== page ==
Bote Central imparts that the farmer himself and the communities where the farmers reside are part of the market. Reyes emphasized that, in fact, that is the primary market that the farmers should focus on. “Mismong sa bahay nila umiinom sila ng kape. ‘Yung kapitbahay ni farmer, umiinom ng kape, ‘yung barangay, umiinom ng kape,” she explains. This is the very same market which currently operating businesses take advantage during this lockdown, given limitations on travel and mobility.
Besides the sale of roasting machines which unfortunately has temporarily stopped, Bote Central is also engaged in the sale of coffee sourced directly from their partner farming communities. They have developed brands to cater to different market segments, but they still only move within 10 to 15 percent of the market, which they try to expand. “Consumption of coffee in the Philippines is 85 to 90 percent commodity coffee. As an SE, if you want to really make an impact sa economy natin, sa market natin, sa farmers natin, dun ka gagalaw,” Reyes shares.
Their business philosophy
Reyes is thankful that although it is not a basic necessity like rice or meat or vegetables, coffee is part of the food mentality of Filipinos. They were also lucky to stock up on a full inventory of coffee beans before COVID-19 hit. Their Basilio brand is still available in supermarkets, and they are also pleasantly surprised with the number of online orders they receive during the ECQ. It helped that they have set up online ordering prior to COVID-19 and are ramping up online sales. However, she admits that it is nothing compared to corporate accounts, institutional accounts, and monthly orders which make up most of their revenue and are currently suspended due to the ECQ.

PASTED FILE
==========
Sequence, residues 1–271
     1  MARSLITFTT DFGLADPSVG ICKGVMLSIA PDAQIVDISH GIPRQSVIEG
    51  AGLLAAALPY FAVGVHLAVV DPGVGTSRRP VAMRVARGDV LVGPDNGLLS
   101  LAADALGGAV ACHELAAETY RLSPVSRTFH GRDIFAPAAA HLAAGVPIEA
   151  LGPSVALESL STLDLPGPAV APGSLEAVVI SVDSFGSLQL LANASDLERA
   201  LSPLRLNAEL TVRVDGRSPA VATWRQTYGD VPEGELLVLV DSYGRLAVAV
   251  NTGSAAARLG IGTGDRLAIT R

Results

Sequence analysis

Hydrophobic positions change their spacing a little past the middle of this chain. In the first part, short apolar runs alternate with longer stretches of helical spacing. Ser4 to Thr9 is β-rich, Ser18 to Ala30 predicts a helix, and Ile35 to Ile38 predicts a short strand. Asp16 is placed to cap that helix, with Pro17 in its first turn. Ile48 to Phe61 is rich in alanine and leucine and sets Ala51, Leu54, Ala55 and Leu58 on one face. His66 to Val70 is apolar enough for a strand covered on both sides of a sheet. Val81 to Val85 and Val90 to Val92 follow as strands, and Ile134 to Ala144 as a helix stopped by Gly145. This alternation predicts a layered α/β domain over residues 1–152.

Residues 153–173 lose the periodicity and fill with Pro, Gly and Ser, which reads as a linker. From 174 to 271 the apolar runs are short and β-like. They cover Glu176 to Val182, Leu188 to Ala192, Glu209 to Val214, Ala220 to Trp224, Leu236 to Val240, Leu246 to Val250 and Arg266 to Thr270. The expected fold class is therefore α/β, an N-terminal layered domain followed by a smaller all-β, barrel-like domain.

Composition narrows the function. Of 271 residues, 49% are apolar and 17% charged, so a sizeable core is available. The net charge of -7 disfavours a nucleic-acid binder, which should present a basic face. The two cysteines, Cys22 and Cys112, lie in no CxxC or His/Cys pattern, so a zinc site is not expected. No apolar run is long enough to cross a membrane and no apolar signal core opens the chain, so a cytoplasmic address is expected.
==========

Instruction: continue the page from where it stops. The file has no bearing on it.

Raw coffee beans are also waiting to be transported from their source communities. “Ang essence talaga ng survival ngayon is move the beans. When we say “move the beans,” it’s literally moving and selling,” she says.
Under ECQ, Bote Central is operating at 20% production. Only select employees are also qualified to move around, following government policies. As with other businesses, their plans this year were also pushed back. However, in the midst of these concerns, Bote Central sees several windows of opportunities. For now, that opportunity is working with the Office of Vice President Leni Robredo and other volunteers in providing free coffee for front liners. “We made it into an opportunity kasi lahat naman ng business opportunities come from a problem. Ganun kami mag-isip. Ganun rin yung binibigay namin na value sa mga farmer. Kung may problema, pag-usapan natin, at tingnan natin kung merong solusyon.”
Besides the significant decrease in production and income, they also experience a higher cost of moving their products around. In terms of needed support from the government and other organizations, the enterprise considers loans and grant facilities important to help them weather this crisis; relaxed loan settlements and tax relief will also be of great help.
FSSI has provided its partners a 60-day extension on due dates of their loan amortization and is discussing additional flexibility terms as needed to help partners cope with the effects of COVID-19 on their operations.
Bote Central’s “after-COVID” plan is already in the pipeline. They will be putting up more coffee roasting facilities in partnership or joint venture with other SEs, businesses, or individuals who share the same business endeavor.
In the meantime, Bote Central is shipping its coffee products nationwide in a limited capacity. In these extraordinary and trying times, let a good ol’ cup of a hundred percent locally made, sustainably sourced coffee brighten your day.
Their Basilio and Alamid coffee are available for deliveries. You may place your orders online through https://botecentral.com/. You may also follow Bote Central and Basilio: Coffee to Share on Facebook.